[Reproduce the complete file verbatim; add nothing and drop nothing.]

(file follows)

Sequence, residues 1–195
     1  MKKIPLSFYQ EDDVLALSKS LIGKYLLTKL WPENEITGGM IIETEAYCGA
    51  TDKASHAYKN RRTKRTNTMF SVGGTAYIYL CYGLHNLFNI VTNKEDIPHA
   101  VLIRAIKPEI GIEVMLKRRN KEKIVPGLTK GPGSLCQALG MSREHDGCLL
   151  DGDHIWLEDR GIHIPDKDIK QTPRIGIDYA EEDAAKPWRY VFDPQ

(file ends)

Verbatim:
Sequence, residues 1–195
     1  MKKIPLSFYQ EDDVLALSKS LIGKYLLTKL WPENEITGGM IIETEAYCGA
    51  TDKASHAYKN RRTKRTNTMF SVGGTAYIYL CYGLHNLFNI VTNKEDIPHA
   101  VLIRAIKPEI GIEVMLKRRN KEKIVPGLTK GPGSLCQALG MSREHDGCLL
   151  DGDHIWLEDR GIHIPDKDIK QTPRIGIDYA EEDAAKPWRY VFDPQ